Sony Alpha 7 Review
Seeing how the a7 is a high-end full-frame camera, you'd expect top-notch performance and, for the most part, that's what you'll get. While the a7's autofocus system is responsive, the camera takes a while to start up. Continuous shooting is respectable, and battery life is typical of mirrorless cameras (which means that you might want to bring a spare).
While most mirrorless cameras start up in under a second, the a7 isn't ready to shoot for nearly two. We've also noticed that if the power is quickly cycled, this delay can be double that. Interestingly enough, the camera is ready to shoot in nearly half a second with no lens attached, so the delay may have something to do with initializing the lens.
As one would expect, there's no noticeable shutter lag on the a7. In terms of shot-to-shot speeds, you'll wait around 0.6 seconds between Raw+JPEG shots, and slightly less if you're sticking to JPEG.
AF System & Performance
The a7 uses a hybrid AF system, which puts 117 phase-detect points onto the camera's CMOS sensor, alongside 25 contrast-detect AF points. This hybrid AF system allows the camera to ascertain not only the direction to move the lens to achieve focus, but also how far. This has a number of advantages over the contrast detection focus method traditionally used by compact and mirrorless cameras, which requires the lens to scan through its focus positions while the camera checks whether it is becoming more in or out of focus.
The ability to collect this depth information not only means that focus can be performed faster (because the camera can push the lens straight to the right place, rather than having to scan through its whole range), but also brings advantages for continuous focus and for focusing during movies. In movies, for instance, because the camera has a good understanding of depth, it should reduce the risk of the camera suddenly losing a moving subject and scanning off to infinity and back looking for it (and ruining your movie by doing so).
|Sony's Hybrid AF system on the a7 uses an array of 117 phase-detection points spread out across the center of the sensor, which are represented by the red crosses. The 25 contrast-detect points are in green.|
Overall, we found the AF system to be responsive and accurate in most situations. In good light the camera focused quickly, with very little 'hunting' by the AF system. Low light focusing was a bit different. The a7 sometimes hunted, which resulted in slower (but not horrible) focus times. Strangely, the camera focuses faster and more accurately in wide AF mode with the AF-assist lamp turned off.
The a7 offers two different continuous shooting modes: standard (2.5 fps) and speed priority (5 fps). As its name suggests, speed priority mode shoots faster than regular continuous, but for a much shorter duration.
Thanks to the its hybrid AF system, the a7 will attempt to keep your subject in focus, even when shooting in speed priority mode. However, should your subject wander out of the Phase Detect area, you'll lose that benefit, and the camera reverts to contrast-detection.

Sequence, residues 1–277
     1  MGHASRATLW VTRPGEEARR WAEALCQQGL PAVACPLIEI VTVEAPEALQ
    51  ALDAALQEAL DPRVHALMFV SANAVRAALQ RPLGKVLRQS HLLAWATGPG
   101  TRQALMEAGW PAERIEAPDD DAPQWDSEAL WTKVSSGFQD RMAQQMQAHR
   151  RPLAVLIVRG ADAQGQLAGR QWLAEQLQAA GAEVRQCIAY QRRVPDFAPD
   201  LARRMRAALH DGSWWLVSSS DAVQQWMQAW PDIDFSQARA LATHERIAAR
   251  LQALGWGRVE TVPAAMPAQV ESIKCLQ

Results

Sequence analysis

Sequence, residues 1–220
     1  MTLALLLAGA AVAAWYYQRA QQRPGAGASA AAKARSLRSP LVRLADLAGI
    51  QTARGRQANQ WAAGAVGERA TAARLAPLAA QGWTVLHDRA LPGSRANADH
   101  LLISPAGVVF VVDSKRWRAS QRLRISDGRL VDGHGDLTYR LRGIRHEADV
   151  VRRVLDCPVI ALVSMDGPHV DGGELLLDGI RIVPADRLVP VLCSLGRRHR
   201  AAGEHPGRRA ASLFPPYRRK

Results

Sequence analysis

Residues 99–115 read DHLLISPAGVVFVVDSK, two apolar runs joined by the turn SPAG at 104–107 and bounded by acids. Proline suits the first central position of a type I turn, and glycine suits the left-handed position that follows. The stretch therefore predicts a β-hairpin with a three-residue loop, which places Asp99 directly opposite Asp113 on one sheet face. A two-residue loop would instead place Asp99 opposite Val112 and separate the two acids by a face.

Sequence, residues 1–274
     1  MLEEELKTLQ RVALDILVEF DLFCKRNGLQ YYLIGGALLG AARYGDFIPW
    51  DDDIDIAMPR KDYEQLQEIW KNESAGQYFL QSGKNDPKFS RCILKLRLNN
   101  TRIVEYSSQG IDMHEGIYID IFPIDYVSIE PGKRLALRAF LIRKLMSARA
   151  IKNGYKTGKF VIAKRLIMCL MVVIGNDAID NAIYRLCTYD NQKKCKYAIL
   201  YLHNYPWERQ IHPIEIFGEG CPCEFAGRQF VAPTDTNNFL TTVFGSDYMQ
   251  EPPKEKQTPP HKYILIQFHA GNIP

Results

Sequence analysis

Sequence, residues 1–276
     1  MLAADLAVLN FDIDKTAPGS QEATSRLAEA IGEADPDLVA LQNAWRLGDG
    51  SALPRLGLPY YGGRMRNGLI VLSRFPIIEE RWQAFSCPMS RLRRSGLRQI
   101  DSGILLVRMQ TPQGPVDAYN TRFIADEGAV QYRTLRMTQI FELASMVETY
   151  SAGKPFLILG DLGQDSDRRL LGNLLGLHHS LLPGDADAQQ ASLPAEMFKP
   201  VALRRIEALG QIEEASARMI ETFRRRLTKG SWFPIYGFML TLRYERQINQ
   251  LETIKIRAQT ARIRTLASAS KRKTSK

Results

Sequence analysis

Here's what kind of performance you can expect from the two burst modes on the a7. We used a SanDisk Extreme Pro (95Mb/sec) SDHC card to measure the speed.
Large/Xtra Fine JPEG
|Frame rate||2.5 fps||2.6 fps||2.6 fps|
|Number of frames||To card capacity||43 shots||33 shots|
|Buffer full rate||N/A||1.5 fps||1.2 fps|
|Write complete||See below||10 secs||19 secs|
The a7 hits its advertised speeds in its standard continuous mode, and its large buffer size allows you to shoot at full speed for quite a while. Clearing the buffer can take some time, during which time you cannot enter the menus or playback mode. For JPEG shooting, this delay depends on the number of photos you've taken. For example, the a7 is locked up for 11 seconds when ~25 JPEGs are taken.
The view on the LCD/EVF is in real-time when shooting in standard continuous mode.
Speed Priority mode
The speed priority continuous mode lets you shoot at rates of 5 fps according to Sony. By default, the camera locks focus on the first shot, but on the a7 you can turn on continuous AF, if you wish. Here's how the Alpha 7 performed at its faster speeds:
Large/Xtra Fine JPEG
|Frame rate||4.8 fps||4.8 fps||4.7 fps|
|Number of frames||To card capacity||28 shots||25 shots|
|Buffer full rate||N/A||1.4 fps||1.1 fps|
|Write complete||See below||11 secs||19 secs|
While the a7 met or exceeded its advertised rates in regular continuous mode, the opposite is true in speed priority mode. Still, the performance is respectable, and there's just a slight dip in the burst rate when using continuous AF. For example, the JPEG drops from 4.8 to 4.6 fps, which most people won't notice. The lock-up delay when shooting JPEGs is the same as it is for regular continuous mode.
The a7 does not provide live view in Speed Priority mode.
The a7 uses the same NP-FW50 InfoLithium battery found on many other Sony cameras. The NP-FW50 has 7.7Wh of energy, which Sony claims will provide 340 shots per charge. That's very low, considering that the a7 has no built-in flash, which is normally included in the CIPA battery life numbers. Do note that using Wi-Fi frequently will put extra strain on the battery.
Despite the cost of the a7, Sony does not provide an external charger. Rather, you use an AC-to-USB cable (or just your PC) to fill up the FW50 battery. Charging via the USB adapter takes a whopping 310 minutes, so it makes a lot of sense to pick up one of the BC-TRW or BC-VW1 external chargers, which are both considerably faster (especially the latter).
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